slimcutta

How To STRIP A JERSEY 101

535 posts in this topic

Don't be afraid of solvents. I'm pretty new to it, too, but I had great success stripping a white ultrafil jersey a couple weeks ago that had some pretty good glue residue left. I just set up the ironing board (work bench) on my back patio (fume hood) and scrubbed at the glue spots until they went away. Get yourself a can of acetone at Home Depot and go to town.

0

Share this post


Link to post
Share on other sites

.

Edited by JoeM7392
0

Share this post


Link to post
Share on other sites

I can't answer your question about what EPS uses, but I've had some success using Goof Off Super Glue Remover.

image_zpsyj0nojiq.jpeg

A recent jersey I stripped had some stubborn dark glue outlines on a white background, and it pretty much all came out. The lines that are still visible are mostly due to fading of the ultrafil surrounding the numbers, relative to the previously covered areas.

Before:

image_zps7afuyvhi.jpeg

After:

image_zpsiag9mhdt.jpeg

0

Share this post


Link to post
Share on other sites

I was curious about that stuff, good to know that it works and seems to be safe for at least ultrafil. That worked really well.

Did you try acetone or did you just go to that stuff?

Edited by JoeM7392
0

Share this post


Link to post
Share on other sites

LAK, can you describe the method you used? I have an hour to kill in the morning, maybe I'll go get some Goof Off.

0

Share this post


Link to post
Share on other sites

Honestly, fitz, there isn't much method to it. Put a clean towel underneath the area to be cleaned. Dab a second clean towel with your cleaner of choice.* Scrub. Wash the jersey when you're done and steam out stitch outlines as needed.

* I prefer acetone, just because it's not as nasty a mixture of organics like you get with goof-off. I've used both, though.

0

Share this post


Link to post
Share on other sites

I was curious about that stuff, good to know that it works and seems to be safe for at least ultrafil. That worked really well. Did you try acetone or did you just go to that stuff?

To be perfectly honest, I can't remember if I used acetone or just regular Goof-Off first. I just remember that the Super Glue Remover seemed to work faster. So I'm not sure at all how much better this stuff is than just pure acetone. I tried this stuff because someone else here (I'm pretty sure it was Hockey Bob) was raving about it.

0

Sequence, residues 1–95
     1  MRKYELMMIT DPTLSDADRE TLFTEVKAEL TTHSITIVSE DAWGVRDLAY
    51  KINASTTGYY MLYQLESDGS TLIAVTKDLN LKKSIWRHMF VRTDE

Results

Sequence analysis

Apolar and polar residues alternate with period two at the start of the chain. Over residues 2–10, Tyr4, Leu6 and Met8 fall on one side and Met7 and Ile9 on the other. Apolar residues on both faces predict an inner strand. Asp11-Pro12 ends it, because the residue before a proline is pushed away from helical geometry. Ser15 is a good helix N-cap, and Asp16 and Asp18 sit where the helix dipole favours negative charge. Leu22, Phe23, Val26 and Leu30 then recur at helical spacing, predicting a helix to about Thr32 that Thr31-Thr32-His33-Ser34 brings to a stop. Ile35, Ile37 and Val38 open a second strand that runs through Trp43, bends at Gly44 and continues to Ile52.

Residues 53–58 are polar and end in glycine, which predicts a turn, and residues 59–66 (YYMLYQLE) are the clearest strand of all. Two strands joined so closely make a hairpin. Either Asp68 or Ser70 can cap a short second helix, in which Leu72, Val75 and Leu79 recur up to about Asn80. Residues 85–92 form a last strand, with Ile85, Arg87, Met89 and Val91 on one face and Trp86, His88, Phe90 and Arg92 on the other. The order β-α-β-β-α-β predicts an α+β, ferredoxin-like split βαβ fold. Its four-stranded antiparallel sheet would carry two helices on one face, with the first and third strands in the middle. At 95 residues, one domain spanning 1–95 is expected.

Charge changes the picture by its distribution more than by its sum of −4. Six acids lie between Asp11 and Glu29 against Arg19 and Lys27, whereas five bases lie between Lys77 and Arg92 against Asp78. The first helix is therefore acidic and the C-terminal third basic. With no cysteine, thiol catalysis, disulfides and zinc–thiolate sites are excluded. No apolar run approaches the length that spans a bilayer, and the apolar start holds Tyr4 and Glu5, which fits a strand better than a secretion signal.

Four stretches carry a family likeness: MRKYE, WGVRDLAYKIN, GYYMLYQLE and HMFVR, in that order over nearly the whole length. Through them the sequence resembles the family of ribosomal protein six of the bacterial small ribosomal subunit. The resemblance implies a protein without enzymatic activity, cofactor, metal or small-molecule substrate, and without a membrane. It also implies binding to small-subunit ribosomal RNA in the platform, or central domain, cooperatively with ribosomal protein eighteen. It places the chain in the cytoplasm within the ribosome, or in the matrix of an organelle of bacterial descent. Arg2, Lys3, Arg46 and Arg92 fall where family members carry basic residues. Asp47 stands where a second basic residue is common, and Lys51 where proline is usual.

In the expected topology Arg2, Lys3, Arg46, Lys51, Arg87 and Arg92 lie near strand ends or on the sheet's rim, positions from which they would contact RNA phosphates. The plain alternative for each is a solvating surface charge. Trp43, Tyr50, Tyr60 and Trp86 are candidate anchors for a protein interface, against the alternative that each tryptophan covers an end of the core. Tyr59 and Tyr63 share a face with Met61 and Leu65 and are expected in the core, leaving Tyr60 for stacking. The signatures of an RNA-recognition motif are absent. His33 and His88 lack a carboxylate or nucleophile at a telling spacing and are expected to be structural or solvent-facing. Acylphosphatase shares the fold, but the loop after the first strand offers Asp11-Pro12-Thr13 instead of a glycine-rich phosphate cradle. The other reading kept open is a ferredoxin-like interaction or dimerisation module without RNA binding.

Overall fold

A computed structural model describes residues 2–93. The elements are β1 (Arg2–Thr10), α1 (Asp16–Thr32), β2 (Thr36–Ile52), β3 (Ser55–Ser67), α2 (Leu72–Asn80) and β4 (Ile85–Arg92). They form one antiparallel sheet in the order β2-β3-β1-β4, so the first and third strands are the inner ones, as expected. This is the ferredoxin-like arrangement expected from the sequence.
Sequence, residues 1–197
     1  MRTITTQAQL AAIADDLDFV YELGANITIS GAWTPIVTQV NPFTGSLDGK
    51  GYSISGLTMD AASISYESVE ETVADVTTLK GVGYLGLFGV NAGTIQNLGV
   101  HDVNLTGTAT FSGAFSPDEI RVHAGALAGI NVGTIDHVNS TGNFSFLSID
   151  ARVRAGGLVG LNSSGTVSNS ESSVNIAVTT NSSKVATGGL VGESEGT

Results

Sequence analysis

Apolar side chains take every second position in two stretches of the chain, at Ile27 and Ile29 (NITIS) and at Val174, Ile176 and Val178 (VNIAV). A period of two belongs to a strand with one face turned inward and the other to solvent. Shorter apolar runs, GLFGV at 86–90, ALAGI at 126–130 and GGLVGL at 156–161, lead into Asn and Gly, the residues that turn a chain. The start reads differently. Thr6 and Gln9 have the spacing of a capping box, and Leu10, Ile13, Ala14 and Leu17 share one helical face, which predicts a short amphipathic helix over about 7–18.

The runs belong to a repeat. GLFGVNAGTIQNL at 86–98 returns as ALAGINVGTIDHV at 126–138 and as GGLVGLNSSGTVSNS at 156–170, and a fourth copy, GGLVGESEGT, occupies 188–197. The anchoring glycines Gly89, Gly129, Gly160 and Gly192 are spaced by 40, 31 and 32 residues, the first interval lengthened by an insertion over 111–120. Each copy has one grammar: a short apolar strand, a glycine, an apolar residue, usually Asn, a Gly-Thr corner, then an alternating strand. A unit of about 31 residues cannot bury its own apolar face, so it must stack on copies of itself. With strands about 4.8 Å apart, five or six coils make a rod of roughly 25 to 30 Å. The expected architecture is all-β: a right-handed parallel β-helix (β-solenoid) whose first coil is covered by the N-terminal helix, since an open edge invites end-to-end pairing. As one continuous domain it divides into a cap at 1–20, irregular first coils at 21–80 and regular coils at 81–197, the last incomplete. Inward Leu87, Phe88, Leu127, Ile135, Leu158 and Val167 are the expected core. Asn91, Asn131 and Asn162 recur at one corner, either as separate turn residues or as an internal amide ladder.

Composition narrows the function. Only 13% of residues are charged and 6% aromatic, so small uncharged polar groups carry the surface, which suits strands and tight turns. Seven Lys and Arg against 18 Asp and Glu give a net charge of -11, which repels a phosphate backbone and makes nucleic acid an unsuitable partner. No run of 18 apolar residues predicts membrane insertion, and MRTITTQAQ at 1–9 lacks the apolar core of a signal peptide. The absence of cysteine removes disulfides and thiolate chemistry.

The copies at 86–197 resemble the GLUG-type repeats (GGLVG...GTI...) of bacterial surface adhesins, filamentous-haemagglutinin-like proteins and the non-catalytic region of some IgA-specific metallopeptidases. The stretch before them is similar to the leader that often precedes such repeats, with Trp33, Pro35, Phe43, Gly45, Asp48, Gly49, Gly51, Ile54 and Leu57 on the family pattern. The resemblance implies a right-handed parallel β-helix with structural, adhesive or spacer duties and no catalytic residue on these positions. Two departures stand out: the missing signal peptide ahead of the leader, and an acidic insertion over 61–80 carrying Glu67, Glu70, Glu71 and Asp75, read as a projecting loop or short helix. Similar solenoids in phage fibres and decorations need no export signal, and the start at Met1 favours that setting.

Share this post


Link to post
Share on other sites

LAK, can you describe the method you used? I have an hour to kill in the morning, maybe I'll go get some Goof Off.

Nothing special. I usually start off applying the solvent to a clean soft cloth and then rubbing it into the affected areas of the jersey. If it's slow going, I may just bypass the cloth and apply the solvent directly to the jersey fabric. I often just fold the jersey and rub 2 different stained portions against each other, but you don't want to rub too hard, as this can cause pilling, especially with ultrafil. If I feel it's taking a really long time to clean, I just call it quits and start rinsing out the solvent, letting it air dry so I can have another go at it later.

0

Share this post


Link to post
Share on other sites

Swapped a vector patch for a word mark on a white Edge jersey and around the edges there is some pretty heavy glue residue from how tight the vector patch was sewn down. Acetone ok to use up there? Tried an iron first and it didn't do much.

0

Share this post


Link to post
Share on other sites

Yeah it's ok. Use caution as always but in my experience it's gonna be tough to get it off.

0

Share this post


Link to post
Share on other sites

Perfect. Thanks. Came off great! Thankfully most of it covered by the word mark patch anyways.

0

Share this post


Link to post
Share on other sites

I'm having a bit of an ethical and practical dilemma. I have a GI Stars jersey from 1998-99 for a washout (no offense, Petr Buzek) that I'm thinking about stripping and having done up as a Belfour or Turek. If I wanted to stick to my upstate NY theme, then former Cornell player Joe Nieuwendyk could also work.